My favorite part of Batman: Nightwalker was the world building. I really enjoyed Marie Lu’s descriptions of Gothman City and Wayne Industries and how she constructed Bruce’s family background and his history with his friends and the press. The coolest aspect of the DC Icons series is that we get to experience these superheroes as young adults. From what I understand, mostly from Marie Lu’s interviews, this is the first time someone has really highlighted Bruce Wayne as a teenager and not so much as Batman. While I wish the book had been a bit more bat-ty (Bruce briefly talks about the bat population in the Gotham City and how his dad would take him to their sanctuary), Marie Lu lays out some of the elements  that I assume Bruce will develop as Batman(yes, there is a Batmobile-type vehicle). With Bruce investigating the Nightwalkers and figuring out his relationship with Madeleine, there’s also a lot of discussion about justice and corruption that I think shapes Bruce as a person and will later shape him as a superhero. Some reviews have critiqued the lack of action in the book but I definitely preferred the world building and Nightwalker investigation more. As a reader, I have always had a lot of trouble following action sequences and I’m really not the biggest fan of action or fight scenes either —probably another reason why I tend to reach for contemporary over fantasy/action—but it was easy to pick up on what was happening during and after the action.

IMG_5118.jpg

So where does Batman: Nightwalker fit into the DC Icons series for me?

I enjoyed this installment more than Leigh Bardugo’s Wonder Woman: Warbringer. I by no means disliked Wonder Woman: Warbringer and I am definitely more of a Wonder Woman fan than Batman, but I wasn’t too crazy about the mortal world parts of the book — I wish we spent more time in Themscyra and on the superhero and fantasy elements of the novel than in modern society. Additionally, granted that I’ve only read Leigh Bardugo’s Six of Crows duology outside of WWW, I felt like I couldn’t really tell that Leigh Bardugo wrote the book (other than how she created a great and humorous dynamic among a larger cast of characters in both series), compared to how I knew that Batman: Nightwalker was truly a Marie Lu book.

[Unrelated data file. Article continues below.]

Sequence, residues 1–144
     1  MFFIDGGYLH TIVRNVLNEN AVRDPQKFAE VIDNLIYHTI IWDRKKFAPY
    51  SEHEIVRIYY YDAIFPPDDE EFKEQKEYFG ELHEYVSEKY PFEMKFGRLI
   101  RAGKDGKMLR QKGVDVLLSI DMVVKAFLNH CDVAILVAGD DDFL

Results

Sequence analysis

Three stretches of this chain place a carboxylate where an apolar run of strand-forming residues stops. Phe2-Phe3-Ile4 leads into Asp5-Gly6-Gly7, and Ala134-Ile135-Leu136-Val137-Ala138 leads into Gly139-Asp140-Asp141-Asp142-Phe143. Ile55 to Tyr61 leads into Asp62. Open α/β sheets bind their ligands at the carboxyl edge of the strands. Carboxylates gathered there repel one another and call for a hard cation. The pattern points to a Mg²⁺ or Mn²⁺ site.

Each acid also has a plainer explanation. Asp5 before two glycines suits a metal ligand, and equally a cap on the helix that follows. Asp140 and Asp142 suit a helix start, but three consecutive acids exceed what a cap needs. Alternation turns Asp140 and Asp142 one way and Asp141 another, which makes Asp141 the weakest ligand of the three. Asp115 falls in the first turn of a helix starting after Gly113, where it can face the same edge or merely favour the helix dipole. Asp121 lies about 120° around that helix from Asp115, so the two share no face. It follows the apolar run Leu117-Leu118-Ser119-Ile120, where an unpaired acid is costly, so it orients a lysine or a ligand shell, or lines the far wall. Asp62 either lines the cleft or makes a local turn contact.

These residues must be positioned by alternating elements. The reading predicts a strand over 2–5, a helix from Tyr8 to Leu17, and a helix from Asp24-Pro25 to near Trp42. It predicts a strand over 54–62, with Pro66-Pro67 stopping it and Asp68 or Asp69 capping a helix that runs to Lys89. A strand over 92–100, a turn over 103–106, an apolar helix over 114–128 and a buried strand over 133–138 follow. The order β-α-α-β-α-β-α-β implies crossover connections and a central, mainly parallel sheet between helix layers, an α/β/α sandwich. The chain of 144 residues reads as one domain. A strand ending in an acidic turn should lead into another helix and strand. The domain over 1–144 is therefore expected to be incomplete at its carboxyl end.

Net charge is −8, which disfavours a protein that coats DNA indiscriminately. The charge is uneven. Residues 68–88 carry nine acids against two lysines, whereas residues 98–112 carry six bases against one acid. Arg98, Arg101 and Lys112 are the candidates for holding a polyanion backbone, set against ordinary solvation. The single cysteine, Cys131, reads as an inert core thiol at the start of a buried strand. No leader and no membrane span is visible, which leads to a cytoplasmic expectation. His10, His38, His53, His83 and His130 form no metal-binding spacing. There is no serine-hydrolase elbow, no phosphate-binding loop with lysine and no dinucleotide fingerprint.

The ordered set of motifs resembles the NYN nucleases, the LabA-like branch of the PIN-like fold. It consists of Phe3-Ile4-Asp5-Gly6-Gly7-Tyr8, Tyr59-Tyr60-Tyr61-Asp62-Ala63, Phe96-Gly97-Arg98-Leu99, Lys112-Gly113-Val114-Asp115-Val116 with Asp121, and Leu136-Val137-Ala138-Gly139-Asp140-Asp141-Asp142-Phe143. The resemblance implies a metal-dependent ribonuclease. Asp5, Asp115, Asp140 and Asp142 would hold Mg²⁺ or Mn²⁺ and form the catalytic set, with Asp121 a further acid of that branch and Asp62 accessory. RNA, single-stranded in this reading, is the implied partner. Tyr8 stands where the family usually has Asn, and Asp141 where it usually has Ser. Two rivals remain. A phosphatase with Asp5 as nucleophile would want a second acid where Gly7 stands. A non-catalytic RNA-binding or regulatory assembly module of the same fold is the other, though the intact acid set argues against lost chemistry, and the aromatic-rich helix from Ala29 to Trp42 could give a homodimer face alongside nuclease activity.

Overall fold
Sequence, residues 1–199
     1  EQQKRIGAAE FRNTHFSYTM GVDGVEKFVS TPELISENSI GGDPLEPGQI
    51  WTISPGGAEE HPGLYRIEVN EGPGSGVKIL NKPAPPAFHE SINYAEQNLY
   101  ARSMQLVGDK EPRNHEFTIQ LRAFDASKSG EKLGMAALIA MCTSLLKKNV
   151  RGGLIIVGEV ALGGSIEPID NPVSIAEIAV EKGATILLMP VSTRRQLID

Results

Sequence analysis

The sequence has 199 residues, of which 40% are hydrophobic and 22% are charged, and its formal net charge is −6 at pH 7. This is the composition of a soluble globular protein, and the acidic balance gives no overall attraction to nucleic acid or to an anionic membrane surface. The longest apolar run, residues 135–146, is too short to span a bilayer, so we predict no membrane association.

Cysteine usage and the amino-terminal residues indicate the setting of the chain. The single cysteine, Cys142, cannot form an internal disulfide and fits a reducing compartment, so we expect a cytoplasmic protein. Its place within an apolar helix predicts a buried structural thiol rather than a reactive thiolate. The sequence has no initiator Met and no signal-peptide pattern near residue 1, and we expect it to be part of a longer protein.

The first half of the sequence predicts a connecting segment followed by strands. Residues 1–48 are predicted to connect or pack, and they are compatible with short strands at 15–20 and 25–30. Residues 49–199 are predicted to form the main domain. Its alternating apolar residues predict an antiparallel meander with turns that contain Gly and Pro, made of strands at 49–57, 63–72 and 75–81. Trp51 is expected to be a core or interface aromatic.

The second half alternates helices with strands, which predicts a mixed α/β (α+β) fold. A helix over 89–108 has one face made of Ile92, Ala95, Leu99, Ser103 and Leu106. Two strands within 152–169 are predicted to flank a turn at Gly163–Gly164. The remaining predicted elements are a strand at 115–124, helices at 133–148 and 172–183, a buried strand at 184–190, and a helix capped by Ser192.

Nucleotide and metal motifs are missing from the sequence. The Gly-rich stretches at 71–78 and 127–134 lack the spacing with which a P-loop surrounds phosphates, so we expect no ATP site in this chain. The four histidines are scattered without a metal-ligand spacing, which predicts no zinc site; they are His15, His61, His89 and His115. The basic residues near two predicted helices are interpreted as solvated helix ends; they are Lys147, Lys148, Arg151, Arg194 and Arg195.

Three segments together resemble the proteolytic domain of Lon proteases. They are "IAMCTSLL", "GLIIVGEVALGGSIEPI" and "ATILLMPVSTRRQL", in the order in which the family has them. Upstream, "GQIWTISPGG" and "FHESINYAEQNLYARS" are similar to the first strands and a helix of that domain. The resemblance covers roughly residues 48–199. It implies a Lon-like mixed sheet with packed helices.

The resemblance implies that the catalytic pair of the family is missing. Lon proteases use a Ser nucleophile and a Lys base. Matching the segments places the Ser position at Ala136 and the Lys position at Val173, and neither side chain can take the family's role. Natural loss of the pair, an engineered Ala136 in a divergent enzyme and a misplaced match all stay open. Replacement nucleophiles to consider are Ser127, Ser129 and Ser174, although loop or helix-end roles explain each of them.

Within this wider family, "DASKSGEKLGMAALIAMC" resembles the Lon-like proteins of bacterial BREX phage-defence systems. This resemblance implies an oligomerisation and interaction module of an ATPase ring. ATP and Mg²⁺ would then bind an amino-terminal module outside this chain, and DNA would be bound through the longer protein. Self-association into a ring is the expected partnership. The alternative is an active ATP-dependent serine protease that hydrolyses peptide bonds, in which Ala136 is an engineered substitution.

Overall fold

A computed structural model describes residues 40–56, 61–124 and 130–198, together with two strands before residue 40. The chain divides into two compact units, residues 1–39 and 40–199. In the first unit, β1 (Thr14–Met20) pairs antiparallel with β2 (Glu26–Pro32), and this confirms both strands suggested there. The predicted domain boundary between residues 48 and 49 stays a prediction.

I am beyond excited for Sarah J. Maas’s Catwoman: Soulstealer this August and I think I will pick up Matt de la Pena’s take on Superman in 2019, though I know even less about Superman than Batman and Catwoman.

Are you a DC or Batman fan? Have you read Batman: Nightwalker by Marie Lu? Share in the comments!

13 thoughts on “A DC Icons Review: Batman: Nightwalker by Marie Lu

  1. I am a huge Batman/DC fan and when i saw this book in the shop the other day I was super conflicted. I was worried it would be some weird take, that cut out the important aspects of Batman’s story the darkness and corruption, and the many struggles he faces, but you have convinced me that my fears were unwarranted! I am excited to add this to my collection.

    Liked by 1 person

Leave a Reply

Fill in your details below or click an icon to log in:

WordPress.com Logo

You are commenting using your WordPress.com account. Log Out /  Change )

Google+ photo

You are commenting using your Google+ account. Log Out /  Change )

Twitter picture

You are commenting using your Twitter account. Log Out /  Change )

Facebook photo

You are commenting using your Facebook account. Log Out /  Change )

Connecting to %s